We have been somehow spoiled in the last years by a few amazing achievements, but let’s not forget that space remains as extreme a challenge as ever. These last days news are here to prove it (as if it were even needed).
ESA’s EXOMARS crash and its causes
This is obviously the most crucial information right now, after the disappointment of ESA’s probe land crash of last week. While it’s still uncertain what has happened exactly, there are hints it might have been a (software) bug. “Unlike the British-led and ESA-operated Beagle 2 mission, which disappeared during its landing on Mars on Christmas Day 2003, Schiaparelli sent data to its mother ship during its descent. Preliminary analysis suggests that the lander began the manoeuvre flawlessly, braking against the planet’s atmosphere and deploying its parachute,” wrote Nature. It might not look that way, but if this is true, it’s actually good news, because it will be easier to fix. Read the story here.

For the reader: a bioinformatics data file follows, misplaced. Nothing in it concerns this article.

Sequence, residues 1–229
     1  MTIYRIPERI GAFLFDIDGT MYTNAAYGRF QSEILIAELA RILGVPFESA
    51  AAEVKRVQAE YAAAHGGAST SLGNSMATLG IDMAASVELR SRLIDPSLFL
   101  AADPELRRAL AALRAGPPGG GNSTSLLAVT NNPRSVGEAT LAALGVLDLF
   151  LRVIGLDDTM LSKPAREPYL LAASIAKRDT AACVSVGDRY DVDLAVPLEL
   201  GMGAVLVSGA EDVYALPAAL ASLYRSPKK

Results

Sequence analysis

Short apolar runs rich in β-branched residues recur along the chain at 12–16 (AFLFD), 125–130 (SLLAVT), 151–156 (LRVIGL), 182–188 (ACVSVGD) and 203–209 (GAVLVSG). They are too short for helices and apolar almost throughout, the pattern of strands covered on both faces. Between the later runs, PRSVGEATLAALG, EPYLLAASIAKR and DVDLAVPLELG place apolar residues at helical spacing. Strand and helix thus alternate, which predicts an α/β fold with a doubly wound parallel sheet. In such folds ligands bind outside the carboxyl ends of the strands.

Space X, more details about September’s accident
Another space disaster, this time on Earth – and it’s Space X. Again, while it remains unknown what caused the explosion of Launch Complex 40 at Cape Canaveral just before a routine pre-flight ignition test, the fact itself is worrying. After all, this is the second Falcon 9 rocket failure in 15 months, which raises questions about the whole private space programme. The Wall Street Journal talked about operational issues as one of the possible reasons.
No Dark Energy, then?
After what has been said and written (even in SF, mind you) on dark energy, this may well represent a surprise, but it is what a new study now seems to suggest. “It is quite possible that we are being misled, and that the apparent manifestation of dark energy is a consequence of analysing the data in an oversimplified theoretical model — one that was in fact constructed in the 1930s, long before there was any real data,” declared Sarkar, one of the scientists that recently challenged its existence. Not everybody is convinced by this interpretation though, and there have been immediately a few replies.
I won’t go into many details, since the topic is quite technical and not easy to be summarised in a few sentences, but the whole debate is fascinating and intriguing. Space.com talked about it on this post, and it’s well worth a reading.